While the documentary provides an endearing glimpse of Cobain as a baby as well as a blossoming musician, Montage of Heck isn't intended to add to the hero worship that has been bestowed on Kurt over the past two decades. There are plenty of heartbreaking glimpses of a soul in torment, ravaged by years of drug abuse and crippling depression. It's a brilliant documentary, but also a very painful one to watch, because we all know the ending.

Montage of Heck is filled with new insights into Cobain's personal life as well as the brief but revolutionary career of Nirvana. Here are five things that we took away from the engrossing documentary.

See Also:
Nirvana's In Utero vs. Nevermind: Which is better?

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A Musical Look Back At The Fast & Furious Films

Categories: Film

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Chaz Kangas
Jacy Catlin's Vin Diesel/The Rock Shirt Tribute

Today Furious 7, the latest and perhaps last ride in the Fast and Furious franchise as we know it, speeds into theaters. If this truly is the final installment before the series takes a radical post-Paul Walker departure, it marks the end of an era not just for fans of the wonderfully absurd action car films, but a very special chapter in the story of film and music.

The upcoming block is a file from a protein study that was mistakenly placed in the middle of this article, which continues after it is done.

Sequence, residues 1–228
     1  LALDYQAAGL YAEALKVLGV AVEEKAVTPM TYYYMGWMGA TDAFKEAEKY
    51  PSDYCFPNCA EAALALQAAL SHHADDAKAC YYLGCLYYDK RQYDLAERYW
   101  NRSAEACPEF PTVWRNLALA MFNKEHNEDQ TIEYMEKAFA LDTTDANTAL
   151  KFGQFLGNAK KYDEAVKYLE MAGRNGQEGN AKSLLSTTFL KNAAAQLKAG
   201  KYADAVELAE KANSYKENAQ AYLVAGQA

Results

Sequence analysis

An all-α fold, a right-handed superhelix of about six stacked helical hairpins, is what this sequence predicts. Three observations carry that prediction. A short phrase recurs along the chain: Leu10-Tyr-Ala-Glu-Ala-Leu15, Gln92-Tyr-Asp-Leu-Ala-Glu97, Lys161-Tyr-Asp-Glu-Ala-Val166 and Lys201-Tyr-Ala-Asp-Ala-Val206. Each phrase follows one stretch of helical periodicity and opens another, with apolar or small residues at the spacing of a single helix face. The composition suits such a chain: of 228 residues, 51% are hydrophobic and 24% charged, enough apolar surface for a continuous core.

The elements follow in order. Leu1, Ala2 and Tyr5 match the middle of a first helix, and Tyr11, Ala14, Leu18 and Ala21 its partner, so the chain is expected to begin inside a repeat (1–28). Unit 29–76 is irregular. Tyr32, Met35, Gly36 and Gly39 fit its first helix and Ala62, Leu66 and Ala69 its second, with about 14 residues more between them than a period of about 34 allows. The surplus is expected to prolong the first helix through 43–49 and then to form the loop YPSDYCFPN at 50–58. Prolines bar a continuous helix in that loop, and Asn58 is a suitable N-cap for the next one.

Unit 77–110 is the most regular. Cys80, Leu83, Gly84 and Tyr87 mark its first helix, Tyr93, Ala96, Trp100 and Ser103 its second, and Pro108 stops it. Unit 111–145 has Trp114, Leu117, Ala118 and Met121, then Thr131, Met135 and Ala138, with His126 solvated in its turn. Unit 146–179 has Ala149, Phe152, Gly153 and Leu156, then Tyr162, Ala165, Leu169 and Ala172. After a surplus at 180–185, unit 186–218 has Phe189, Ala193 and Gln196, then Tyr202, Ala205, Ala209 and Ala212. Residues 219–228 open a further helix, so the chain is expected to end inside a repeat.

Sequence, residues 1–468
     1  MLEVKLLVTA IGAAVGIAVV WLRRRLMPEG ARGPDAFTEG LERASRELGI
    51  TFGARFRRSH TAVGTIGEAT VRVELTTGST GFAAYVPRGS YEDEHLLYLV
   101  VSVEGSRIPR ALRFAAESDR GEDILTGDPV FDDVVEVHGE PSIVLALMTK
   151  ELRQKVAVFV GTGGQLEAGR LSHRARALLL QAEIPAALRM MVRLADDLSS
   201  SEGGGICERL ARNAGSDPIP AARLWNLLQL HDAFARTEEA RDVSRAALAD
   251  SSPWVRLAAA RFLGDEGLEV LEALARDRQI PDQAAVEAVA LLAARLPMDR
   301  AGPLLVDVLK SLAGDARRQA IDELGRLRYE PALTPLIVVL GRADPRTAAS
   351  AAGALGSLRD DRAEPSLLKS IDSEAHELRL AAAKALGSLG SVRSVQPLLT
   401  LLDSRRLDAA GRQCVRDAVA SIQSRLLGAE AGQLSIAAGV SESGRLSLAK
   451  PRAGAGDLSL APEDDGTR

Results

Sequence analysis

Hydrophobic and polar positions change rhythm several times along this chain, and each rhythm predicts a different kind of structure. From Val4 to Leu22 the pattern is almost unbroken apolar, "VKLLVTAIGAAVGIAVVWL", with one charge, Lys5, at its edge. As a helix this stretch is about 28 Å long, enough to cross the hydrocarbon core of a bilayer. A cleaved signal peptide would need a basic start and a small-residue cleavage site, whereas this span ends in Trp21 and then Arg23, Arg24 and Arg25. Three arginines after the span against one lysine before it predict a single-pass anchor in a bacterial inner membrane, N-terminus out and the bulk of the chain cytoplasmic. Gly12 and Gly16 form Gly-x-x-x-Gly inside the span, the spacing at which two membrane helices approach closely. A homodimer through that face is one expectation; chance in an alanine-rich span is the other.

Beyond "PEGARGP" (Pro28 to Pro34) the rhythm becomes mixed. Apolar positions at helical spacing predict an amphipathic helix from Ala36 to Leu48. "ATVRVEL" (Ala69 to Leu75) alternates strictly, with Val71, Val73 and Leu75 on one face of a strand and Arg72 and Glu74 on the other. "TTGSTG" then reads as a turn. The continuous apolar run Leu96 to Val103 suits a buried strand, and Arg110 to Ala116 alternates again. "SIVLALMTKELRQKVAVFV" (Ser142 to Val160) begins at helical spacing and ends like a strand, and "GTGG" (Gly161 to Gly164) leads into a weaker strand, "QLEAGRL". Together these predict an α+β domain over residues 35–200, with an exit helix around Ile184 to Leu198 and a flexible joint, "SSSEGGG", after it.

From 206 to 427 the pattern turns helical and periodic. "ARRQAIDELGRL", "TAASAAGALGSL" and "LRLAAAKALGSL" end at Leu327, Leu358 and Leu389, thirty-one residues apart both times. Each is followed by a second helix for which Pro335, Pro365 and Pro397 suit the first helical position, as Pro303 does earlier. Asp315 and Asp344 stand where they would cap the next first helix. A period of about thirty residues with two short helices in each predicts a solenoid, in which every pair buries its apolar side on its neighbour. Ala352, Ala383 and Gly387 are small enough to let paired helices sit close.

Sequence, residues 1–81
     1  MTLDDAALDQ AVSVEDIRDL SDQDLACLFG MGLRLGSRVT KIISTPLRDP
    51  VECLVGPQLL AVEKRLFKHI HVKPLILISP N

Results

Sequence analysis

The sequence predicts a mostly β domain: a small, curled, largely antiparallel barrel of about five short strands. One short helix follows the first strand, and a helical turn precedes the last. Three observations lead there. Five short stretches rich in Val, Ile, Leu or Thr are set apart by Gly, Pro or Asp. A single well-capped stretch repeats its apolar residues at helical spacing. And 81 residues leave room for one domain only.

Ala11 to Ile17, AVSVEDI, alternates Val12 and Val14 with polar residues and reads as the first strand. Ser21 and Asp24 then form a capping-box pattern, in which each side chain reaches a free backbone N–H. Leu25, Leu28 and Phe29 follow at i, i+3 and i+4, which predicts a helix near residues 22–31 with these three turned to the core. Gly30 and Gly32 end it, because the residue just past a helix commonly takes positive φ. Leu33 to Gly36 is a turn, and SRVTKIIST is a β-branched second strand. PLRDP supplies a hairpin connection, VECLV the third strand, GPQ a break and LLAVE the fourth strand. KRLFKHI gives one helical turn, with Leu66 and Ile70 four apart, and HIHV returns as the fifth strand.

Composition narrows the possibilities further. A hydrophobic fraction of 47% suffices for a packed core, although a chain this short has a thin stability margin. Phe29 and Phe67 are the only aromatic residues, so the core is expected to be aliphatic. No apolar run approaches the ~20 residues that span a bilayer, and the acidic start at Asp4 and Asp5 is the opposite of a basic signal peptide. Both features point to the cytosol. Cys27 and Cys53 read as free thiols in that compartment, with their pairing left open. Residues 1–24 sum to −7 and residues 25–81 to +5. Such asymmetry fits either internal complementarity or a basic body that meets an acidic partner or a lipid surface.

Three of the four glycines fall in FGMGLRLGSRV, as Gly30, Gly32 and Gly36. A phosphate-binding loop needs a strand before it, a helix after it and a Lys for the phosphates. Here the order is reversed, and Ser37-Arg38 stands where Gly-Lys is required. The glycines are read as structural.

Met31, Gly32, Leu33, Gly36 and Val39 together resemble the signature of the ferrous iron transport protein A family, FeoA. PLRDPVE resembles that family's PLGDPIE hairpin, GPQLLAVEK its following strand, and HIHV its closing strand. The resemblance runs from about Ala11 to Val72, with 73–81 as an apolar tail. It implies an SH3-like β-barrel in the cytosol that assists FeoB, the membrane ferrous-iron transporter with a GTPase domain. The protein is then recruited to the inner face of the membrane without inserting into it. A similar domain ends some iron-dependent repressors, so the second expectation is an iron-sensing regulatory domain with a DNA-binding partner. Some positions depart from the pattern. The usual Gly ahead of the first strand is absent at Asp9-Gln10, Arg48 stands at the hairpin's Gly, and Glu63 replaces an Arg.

Since the first film hit theaters in 2001, the Fast and Furious films might be the last of the film franchises to continue strengthening its relationship with its fans through the medium of the Original Motion Picture Soundtrack. Along with serving as a time capsule for seven different eras of popular music, the soundtracks also made the tie between the rhythm and the racing that much tighter. It is with seven quarter-miles in our rearview mirror that we look back at the past and the music of The Fast and the Furious.